Bray on Innovation

A huge snowstorm blew in today and shut everything down. The middle school, which was scheduled to have a "late-start day" anyway, just closed, but the elementary school stayed open for the morning. Daniel was extremely bitter. The University waited until noon to close, by which point it was snowing about 2-inches per hour. It took me more than half-an-hour to ride the bus home from Morrill. I could have walked faster, but I didn't want my computer and camera to get wet. (And its hard to walk in the snow and I'm lazy). Alisa had gone out just as the snow started to lay in a few supplies and got caught in the traffic jam. She waited and eventually managed to get out, but it took a lot longer than one might have expected. The whole region was in gridlock. Thank goodness I didn't have to try to get across the bridge.


I rarely just post entries with links to cool stuff, but there's been so much cool stuff lately.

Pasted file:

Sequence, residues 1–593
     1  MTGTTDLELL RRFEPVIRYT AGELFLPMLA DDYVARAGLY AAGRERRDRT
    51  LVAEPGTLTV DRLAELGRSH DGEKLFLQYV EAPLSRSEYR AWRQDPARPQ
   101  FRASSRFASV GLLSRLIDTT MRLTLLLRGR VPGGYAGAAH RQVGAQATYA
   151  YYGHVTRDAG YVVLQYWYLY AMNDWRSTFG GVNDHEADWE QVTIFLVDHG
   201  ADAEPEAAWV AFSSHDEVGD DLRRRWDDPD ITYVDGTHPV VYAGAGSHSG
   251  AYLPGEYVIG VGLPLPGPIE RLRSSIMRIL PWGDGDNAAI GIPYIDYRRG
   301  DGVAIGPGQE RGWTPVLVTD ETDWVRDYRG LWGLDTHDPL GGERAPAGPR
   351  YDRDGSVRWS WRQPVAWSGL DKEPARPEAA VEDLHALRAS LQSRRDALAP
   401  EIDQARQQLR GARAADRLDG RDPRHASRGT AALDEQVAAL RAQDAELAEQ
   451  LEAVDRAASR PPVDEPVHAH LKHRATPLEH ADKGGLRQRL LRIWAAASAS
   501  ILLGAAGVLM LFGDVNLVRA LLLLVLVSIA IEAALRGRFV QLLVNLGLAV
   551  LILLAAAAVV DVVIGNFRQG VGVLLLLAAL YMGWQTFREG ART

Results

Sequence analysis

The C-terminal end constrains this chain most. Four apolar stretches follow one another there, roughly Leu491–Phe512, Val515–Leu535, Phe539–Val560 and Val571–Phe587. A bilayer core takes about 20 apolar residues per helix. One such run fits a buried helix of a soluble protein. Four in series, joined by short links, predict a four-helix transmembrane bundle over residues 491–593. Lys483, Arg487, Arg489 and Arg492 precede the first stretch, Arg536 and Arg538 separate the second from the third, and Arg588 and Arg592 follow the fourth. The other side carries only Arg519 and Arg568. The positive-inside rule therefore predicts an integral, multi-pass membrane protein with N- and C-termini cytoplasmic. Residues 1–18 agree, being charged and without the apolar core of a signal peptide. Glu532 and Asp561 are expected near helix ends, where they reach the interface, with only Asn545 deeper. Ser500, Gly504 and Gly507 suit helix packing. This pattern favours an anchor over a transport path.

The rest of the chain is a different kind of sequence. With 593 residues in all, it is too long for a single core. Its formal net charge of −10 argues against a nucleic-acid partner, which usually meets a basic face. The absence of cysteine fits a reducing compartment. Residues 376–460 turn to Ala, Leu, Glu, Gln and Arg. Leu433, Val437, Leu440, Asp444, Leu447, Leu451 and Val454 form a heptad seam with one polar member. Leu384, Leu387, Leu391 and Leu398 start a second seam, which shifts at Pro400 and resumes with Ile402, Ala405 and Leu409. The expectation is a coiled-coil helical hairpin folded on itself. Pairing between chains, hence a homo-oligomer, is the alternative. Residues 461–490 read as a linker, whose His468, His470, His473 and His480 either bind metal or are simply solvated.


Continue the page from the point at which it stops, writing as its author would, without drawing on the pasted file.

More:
The boys and I have really enjoyed hearing Jonathan Coulton's Still Alive in the VGCats cartoon. Its very catchy and we're all whistling and humming it constantly. It was also exciting to see that Emily danced with JoCo in Chicago. How surpassingly cool is that!

I'm really looking forward to wishing everyone a "happy chrifsmas!" this year. What a perfect response to the seasonal culture wars by the religious right.

Links to Cool Stuff

Yesterday, a bunch of families were invited to Amherst College to preview Bubble Trubble. A few weeks ago, Daniel was an extra and we went to see if any of his footage made it into the movie. It looks like most of it ended up on the cutting-room floor. Alisa struggled with feelings of disappointment, but for me the issue had always been Daniel's participation in the process. He undoubtedly would have found it more satisfying to appear (as prominently as an extra can) in the final version of the movie, but he still got the full experience of participating.

Phil mentions feeling seasonal affective disorder at this time of the year. I have shades of that as well. One thing I did to improve my mood was to set up our birdfeeder. We have it hanging on a long rope from the cherry tree in front of the dining room. I haven't always managed to get a birdfeeder set up because the time to set it up is busy. I should plan a few other intentional projects that will make me feel better -- I've thought about making a wreath again this year. I think that would cheer me up more than making a wraith would, anyway.

Bubble Trubble Preview